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4. Les Cocottes
A little more upmarket than we expected, Les Cocottes turned out to be a cool, buzzing winebar style of restaurant, surprisingly close to the tourist trap of the Tour Eiffel and Les Invalides, an area notoriously difficult to find quality food at earth-prices. Given that the walls of the bar were home to laden shelves bearing hundreds of copies of the proprietors cookbook, we cleverly deduced that said proprietor must be a celebrity chef. In French, a ‘cocotte’ is a little earthenware dish, used to bake gratins/cassoulets in the oven. So naturally, we both went for cocottes – mine a langoustine ravioli with an unbelievably rich aubergine foam thing, and Orla for the more sensible vegetable gratin. Both were delicious, and judging from the constant stream of customers jostling for seats, they must be doing something right. One I’d go back to.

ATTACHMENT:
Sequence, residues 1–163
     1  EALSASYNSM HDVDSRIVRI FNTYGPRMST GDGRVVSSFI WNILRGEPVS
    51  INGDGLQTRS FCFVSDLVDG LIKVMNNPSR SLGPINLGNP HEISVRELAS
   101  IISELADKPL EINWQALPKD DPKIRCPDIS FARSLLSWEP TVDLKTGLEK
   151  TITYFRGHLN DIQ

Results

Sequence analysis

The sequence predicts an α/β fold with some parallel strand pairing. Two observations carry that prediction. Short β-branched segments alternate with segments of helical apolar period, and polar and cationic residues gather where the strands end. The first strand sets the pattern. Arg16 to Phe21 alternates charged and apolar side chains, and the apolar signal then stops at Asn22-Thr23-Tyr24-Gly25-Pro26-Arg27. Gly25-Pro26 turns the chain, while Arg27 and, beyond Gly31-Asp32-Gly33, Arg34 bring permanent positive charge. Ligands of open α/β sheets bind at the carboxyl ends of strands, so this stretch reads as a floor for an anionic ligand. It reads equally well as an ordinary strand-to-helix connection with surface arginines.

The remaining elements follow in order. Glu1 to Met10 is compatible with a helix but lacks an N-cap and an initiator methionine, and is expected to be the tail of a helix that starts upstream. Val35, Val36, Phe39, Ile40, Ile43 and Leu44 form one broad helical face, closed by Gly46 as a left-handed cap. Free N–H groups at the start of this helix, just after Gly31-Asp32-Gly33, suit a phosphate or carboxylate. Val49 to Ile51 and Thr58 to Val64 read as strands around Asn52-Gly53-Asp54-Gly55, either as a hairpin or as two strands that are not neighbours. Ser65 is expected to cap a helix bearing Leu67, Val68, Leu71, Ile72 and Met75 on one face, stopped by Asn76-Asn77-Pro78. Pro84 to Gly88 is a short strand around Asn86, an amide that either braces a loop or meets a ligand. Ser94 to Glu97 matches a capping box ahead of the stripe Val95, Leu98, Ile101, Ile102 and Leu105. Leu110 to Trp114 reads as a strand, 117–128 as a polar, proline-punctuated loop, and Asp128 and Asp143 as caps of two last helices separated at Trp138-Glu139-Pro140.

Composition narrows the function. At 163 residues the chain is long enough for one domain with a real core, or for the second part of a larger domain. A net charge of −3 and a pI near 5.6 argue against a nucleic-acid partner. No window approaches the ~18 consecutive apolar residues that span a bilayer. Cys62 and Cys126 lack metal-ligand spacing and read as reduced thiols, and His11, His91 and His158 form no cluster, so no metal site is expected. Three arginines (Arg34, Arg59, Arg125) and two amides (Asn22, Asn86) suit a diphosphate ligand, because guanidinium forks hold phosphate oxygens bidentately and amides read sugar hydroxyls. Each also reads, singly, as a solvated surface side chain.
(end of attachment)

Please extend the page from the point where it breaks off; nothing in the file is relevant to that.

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5. Dose, Dealer de café
This last one is a bit random, because it is totally un-French. It is styled like a typical posh Australian/American/Irish coffee shop – similar to Café Grey or Fixx on Dawson Street. However, it is a rare gem in Paris. I don’t know where I came up with the idea that the French were good at coffee, but it is a fallacy – they rejoice in bad coffee – and God forbid that you were someone who prefers their coffee with milk? This is one of the few places near me that would serve a latte or a cappuccino that resembled something close to what the Italians intended. The prices are Starbucks-style, but so much better than resorting to the dreaded MNC when trying to be all sophis and urban. It is on the charmingly tacky Rue Mouffetard, which incidentally is one of the best places to head to on a Sunday morning – enjoy banter with the stall-holders on lower Rue Mouffetard before popping over to Marché Monge to pick up some goodies